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  1. The tragedy of the AI commons.Travis LaCroix & Aydin Mohseni - 2022 - Synthese 200 (4):1-33.
    Policy and guideline proposals for ethical artificial intelligence research have proliferated in recent years. These are supposed to guide the socially-responsible development of AI for a common good. However, there typically exist incentives for non-cooperation ; and, these proposals often lack effective mechanisms to enforce their own normative claims. The situation just described constitutes a social dilemma—namely, a situation where no one has an individual incentive to cooperate, though mutual cooperation would lead to the best outcome for all involved. In (...)
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  • Operationalising AI ethics: barriers, enablers and next steps.Jessica Morley, Libby Kinsey, Anat Elhalal, Francesca Garcia, Marta Ziosi & Luciano Floridi - 2023 - AI and Society 38 (1):411-423.
    By mid-2019 there were more than 80 AI ethics guides available in the public domain. Despite this, 2020 saw numerous news stories break related to ethically questionable uses of AI. In part, this is because AI ethics theory remains highly abstract, and of limited practical applicability to those actually responsible for designing algorithms and AI systems. Our previous research sought to start closing this gap between the ‘what’ and the ‘how’ of AI ethics through the creation of a searchable typology (...)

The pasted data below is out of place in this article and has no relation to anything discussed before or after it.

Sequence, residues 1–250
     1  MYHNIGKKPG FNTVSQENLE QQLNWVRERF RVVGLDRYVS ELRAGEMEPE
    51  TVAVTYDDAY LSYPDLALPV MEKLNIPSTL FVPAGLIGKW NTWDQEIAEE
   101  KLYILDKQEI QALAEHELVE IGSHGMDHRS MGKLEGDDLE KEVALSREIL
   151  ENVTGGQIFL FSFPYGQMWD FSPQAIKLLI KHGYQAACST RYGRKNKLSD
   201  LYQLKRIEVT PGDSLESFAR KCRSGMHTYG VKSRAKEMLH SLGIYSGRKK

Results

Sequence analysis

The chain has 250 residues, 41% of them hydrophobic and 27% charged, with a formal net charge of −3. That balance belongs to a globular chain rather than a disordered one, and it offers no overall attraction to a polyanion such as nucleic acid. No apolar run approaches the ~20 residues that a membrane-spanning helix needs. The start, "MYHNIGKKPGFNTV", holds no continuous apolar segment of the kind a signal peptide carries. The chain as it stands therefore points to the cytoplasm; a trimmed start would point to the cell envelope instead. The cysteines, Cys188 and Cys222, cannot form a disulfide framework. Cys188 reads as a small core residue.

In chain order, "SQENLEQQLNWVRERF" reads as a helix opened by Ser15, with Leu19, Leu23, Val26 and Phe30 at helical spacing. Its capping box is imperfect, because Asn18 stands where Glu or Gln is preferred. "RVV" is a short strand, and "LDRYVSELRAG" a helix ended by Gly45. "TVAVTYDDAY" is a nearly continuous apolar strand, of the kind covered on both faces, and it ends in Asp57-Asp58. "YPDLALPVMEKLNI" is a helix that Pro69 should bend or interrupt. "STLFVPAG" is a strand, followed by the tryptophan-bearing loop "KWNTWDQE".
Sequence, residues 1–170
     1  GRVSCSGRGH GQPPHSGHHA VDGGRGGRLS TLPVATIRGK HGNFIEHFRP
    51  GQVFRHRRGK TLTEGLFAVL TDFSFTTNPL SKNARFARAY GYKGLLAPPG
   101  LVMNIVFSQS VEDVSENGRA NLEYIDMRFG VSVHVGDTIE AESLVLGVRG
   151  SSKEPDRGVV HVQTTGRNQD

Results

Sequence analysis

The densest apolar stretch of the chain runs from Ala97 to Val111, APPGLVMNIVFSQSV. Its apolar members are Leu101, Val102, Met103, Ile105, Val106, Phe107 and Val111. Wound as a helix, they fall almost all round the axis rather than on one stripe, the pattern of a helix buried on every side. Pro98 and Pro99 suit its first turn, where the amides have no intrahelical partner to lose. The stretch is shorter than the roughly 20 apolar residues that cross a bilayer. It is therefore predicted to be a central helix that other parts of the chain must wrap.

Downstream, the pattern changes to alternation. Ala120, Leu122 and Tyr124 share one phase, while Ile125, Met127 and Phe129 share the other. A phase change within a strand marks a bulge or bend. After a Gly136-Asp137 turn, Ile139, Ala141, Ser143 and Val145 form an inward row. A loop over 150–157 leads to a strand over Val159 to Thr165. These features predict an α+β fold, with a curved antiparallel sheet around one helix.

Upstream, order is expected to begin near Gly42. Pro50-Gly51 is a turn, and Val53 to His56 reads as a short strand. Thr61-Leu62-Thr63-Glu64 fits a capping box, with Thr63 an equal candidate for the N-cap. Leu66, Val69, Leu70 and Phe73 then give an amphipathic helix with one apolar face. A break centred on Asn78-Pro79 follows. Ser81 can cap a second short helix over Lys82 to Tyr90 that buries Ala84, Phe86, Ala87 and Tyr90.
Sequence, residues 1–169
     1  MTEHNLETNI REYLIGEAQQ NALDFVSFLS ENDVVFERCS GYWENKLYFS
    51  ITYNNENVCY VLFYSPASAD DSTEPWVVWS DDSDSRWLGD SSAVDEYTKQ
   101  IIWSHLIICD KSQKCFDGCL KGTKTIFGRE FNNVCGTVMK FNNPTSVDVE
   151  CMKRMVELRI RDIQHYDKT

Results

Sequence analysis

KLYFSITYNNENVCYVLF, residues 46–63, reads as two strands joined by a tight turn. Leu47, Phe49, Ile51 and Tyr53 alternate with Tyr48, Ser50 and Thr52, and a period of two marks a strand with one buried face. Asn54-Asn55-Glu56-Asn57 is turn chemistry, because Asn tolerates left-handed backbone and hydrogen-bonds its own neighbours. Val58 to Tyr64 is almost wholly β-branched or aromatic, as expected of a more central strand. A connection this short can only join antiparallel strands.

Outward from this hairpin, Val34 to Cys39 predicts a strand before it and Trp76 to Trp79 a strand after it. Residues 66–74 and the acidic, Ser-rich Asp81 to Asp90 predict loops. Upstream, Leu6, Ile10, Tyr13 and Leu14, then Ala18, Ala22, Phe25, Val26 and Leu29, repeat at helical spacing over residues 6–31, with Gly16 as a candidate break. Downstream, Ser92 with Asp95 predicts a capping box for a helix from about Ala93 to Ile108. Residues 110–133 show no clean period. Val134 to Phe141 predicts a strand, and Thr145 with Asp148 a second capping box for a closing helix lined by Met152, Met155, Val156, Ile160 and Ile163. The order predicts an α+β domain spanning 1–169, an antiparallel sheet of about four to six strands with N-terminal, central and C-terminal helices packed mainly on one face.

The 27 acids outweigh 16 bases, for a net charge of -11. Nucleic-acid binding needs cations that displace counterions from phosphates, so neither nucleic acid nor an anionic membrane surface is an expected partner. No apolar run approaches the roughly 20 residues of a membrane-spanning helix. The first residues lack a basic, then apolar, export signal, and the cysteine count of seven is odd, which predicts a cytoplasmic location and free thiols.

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  • Ethics-based auditing of automated decision-making systems: intervention points and policy implications.Jakob Mökander & Maria Axente - 2023 - AI and Society 38 (1):153-171.
    Organisations increasingly use automated decision-making systems (ADMS) to inform decisions that affect humans and their environment. While the use of ADMS can improve the accuracy and efficiency of decision-making processes, it is also coupled with ethical challenges. Unfortunately, the governance mechanisms currently used to oversee human decision-making often fail when applied to ADMS. In previous work, we proposed that ethics-based auditing (EBA)—that is, a structured process by which ADMS are assessed for consistency with relevant principles or norms—can (a) help organisations (...)
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  • Principle-based recommendations for big data and machine learning in food safety: the P-SAFETY model.Salvatore Sapienza & Anton Vedder - 2023 - AI and Society 38 (1):5-20.